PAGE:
Actually, the Iranians aren't a nation whose leaders have set themselves that "strategic goal." They are a nation with a crackpot president who (a) isn't the country's supreme leader and doesn't have the power to order an attack on Israel; (b) did say "the occupying regime must be wiped off the map" (or "vanish from the page of time"--the translation is disputed); but (c) later said he was referring to eliminating the Zionist form of government, not the people living under it; and (d) said the way to achieve this was to give Palestinians the vote--and that if they opted for a two-state solution rather than a single non-Zionist state, that would be fine, too; (e) also said that Iran would never initiate military hostilities with Israel.
In sum, whatever you think about President Ahmadinejad (and I think he's pretty horrible), or about what he said or about the sincerity of his subsequent qualifications of what he said, for Barak to say Iran's "strategic goal" is Israel's annihilation is a bit misleading.
But let's leave aside the facts of the case. Could Barak really think that, even if Iranian leaders had said they would launch a first strike, they'd actually do such a thing? To believe that, you would have to believe that the Iranian regime is literally suicidal, since Israel's nuclear retaliatory capacity is very robust (not to mention the fact that the event wouldn't exactly go unnoticed by America). Does Barak really believe the Iranian leadership is crazy?
Here's something he said in 2010 that didn't make it into the Times Magazine piece: "I don't think the Iranians, even if they got the bomb, (would) drop it in the neighborhood. They fully understand what might follow. They are radical but not totally crazy. They have a quite sophisticated decision-making process, and they understand reality."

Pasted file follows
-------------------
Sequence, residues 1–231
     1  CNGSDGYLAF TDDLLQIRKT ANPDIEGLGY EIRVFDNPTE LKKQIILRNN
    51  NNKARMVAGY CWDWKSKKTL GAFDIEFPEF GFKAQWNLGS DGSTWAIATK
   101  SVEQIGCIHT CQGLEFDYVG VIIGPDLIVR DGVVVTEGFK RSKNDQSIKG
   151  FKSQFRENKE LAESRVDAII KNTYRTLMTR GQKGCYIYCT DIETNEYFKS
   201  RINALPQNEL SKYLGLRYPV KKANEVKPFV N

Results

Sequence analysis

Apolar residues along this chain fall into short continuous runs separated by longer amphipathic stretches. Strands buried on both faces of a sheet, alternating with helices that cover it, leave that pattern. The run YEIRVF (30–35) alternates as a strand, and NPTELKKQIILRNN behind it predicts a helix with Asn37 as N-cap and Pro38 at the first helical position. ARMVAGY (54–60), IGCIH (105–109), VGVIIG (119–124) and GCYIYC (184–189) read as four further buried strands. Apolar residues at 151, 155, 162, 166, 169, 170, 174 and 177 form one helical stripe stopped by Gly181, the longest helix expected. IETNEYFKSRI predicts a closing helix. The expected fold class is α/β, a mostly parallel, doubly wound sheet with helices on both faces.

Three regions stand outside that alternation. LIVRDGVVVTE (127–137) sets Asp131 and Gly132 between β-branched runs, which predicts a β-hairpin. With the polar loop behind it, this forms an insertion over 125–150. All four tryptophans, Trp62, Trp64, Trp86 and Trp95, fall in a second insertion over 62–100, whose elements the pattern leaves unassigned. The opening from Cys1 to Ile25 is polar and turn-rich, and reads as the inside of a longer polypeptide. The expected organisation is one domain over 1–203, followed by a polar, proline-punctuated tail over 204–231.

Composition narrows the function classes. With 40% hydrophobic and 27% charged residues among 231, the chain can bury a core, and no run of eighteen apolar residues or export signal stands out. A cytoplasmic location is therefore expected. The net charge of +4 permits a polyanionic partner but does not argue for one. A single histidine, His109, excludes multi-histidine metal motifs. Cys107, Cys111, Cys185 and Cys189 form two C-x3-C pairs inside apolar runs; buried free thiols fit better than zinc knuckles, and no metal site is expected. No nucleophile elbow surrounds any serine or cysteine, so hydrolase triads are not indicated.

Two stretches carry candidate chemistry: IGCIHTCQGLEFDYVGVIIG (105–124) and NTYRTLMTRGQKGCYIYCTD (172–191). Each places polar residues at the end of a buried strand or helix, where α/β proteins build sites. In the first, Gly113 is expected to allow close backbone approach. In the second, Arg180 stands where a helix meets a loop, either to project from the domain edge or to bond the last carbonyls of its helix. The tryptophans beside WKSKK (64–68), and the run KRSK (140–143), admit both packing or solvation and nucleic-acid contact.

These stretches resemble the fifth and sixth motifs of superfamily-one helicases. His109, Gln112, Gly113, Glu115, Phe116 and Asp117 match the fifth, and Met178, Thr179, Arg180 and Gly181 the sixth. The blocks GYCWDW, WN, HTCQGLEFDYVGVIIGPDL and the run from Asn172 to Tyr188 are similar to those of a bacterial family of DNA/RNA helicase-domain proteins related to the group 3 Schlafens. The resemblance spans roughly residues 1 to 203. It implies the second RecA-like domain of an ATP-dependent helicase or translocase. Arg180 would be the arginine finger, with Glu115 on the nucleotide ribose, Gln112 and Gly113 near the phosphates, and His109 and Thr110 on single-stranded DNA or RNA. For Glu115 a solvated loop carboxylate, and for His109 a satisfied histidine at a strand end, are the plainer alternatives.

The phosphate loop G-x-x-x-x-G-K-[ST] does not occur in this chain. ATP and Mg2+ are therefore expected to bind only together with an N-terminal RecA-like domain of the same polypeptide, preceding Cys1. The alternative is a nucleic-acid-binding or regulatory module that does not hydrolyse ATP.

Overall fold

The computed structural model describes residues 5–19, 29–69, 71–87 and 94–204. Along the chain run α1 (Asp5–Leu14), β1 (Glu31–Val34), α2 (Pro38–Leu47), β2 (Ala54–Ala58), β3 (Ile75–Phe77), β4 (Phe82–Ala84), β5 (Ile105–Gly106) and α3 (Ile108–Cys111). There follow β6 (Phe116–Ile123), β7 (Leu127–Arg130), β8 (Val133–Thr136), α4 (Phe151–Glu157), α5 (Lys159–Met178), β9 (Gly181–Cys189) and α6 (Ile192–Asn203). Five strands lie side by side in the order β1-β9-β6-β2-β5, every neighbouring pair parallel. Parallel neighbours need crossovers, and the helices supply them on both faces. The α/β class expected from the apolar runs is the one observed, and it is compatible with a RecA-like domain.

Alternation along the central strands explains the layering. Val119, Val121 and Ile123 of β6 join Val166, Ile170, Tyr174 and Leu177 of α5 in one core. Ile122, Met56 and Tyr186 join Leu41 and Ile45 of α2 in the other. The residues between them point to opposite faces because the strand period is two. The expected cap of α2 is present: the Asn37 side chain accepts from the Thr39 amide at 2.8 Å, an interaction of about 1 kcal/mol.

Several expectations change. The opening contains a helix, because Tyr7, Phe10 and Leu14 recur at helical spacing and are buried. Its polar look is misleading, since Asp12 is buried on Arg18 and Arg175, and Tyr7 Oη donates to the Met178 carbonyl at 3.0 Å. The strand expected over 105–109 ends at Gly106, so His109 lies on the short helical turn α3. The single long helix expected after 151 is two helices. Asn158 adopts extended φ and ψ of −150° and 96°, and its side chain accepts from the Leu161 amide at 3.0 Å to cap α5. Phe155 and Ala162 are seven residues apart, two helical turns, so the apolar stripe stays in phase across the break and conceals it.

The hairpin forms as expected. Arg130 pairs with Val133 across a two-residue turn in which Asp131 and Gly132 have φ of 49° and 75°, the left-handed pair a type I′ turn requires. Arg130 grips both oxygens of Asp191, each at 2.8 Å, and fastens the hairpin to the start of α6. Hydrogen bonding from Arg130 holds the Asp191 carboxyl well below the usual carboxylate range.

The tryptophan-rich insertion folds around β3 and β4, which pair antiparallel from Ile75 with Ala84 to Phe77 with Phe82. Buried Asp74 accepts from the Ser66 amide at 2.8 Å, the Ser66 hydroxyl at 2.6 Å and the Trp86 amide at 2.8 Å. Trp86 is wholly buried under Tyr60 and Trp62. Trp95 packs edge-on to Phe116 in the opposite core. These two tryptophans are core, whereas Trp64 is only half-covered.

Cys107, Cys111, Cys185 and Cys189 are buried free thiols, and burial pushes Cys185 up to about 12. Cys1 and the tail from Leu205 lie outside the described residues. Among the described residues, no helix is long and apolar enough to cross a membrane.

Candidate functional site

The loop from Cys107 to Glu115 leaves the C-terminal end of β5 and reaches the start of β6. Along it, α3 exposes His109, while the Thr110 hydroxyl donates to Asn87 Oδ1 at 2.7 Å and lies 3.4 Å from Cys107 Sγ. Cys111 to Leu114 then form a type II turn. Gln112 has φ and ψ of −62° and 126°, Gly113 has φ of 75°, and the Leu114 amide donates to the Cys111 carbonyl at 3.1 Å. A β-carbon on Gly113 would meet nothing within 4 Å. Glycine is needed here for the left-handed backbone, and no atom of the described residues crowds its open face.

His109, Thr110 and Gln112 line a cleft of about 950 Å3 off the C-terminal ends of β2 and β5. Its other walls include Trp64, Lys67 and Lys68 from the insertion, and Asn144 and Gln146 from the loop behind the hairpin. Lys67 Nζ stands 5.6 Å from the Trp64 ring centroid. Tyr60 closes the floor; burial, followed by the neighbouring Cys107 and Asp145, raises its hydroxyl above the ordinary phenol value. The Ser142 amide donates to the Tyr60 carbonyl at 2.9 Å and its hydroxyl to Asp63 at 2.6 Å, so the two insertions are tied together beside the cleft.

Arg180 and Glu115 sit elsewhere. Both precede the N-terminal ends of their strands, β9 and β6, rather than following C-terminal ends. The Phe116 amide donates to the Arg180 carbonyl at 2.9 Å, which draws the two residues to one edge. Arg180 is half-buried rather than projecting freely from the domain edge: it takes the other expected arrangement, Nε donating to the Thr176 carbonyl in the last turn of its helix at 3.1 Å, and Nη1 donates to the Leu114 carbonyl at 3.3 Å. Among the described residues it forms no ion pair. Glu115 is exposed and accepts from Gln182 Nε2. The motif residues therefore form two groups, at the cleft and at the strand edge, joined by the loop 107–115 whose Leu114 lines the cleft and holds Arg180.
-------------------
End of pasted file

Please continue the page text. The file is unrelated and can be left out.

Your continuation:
It's enough to make you think that maybe as Barak "gazed out at the lights of Tel Aviv" he was thinking to himself, "Hmmm, this guy says he's writing a story for a major American media outlet. Maybe if I sound sufficiently terrified, he'll report that Israel is determined to launch a military strike before too long, thus scaring America into either ratcheting up sanctions to even higher levels or going ahead and bombing Iran."
Of course, maybe Barak didn't think that. But if he did, then Ronen Bergman has made him a very happy man. The piece's final paragraph begins, "After speaking with many senior Israeli leaders and chiefs of the military and the intelligence, I have come to believe that Israel will indeed strike Iran in 2012. Perhaps in the small and ever-diminishing window that is left, the United States will choose to intervene after all..."
Barak isn't as alarmist as some. He concedes in the Times Magazine piece that "Iran has other reasons for developing nuclear
bombs, apart from its desire to destroy Israel." For example: "An Iranian bomb would ensure the survival of the current regime, which otherwise would
not make it to its 40th anniversary in light of the admiration that the young generation in Iran has displayed for the West." Got that? Two
of the reasons the Iranian regime wants the bomb are (1) to launch an attack that would be literally suicidal; and (2) to ensure its survival. (No
wonder Israelis think the Iranians are crazy!)
Notwithstanding my doubts about Barak's agenda, Bergman's piece is well worth reading--richer and more nuanced than my selective summary might suggest. Meanwhile, if you want another view of what Israeli government officials are thinking, Trita Parsi,
who just published a book called A Single Roll of the Dice: Obama's Diplomacy with Iran, has this appraisal:
[Edit note, 1/27 8:30 a.m. EST: In the 6th paragraph I changed "ratcheting up sanctions to regime-change levels" to "ratcheting up sanctions to even higher levels."]
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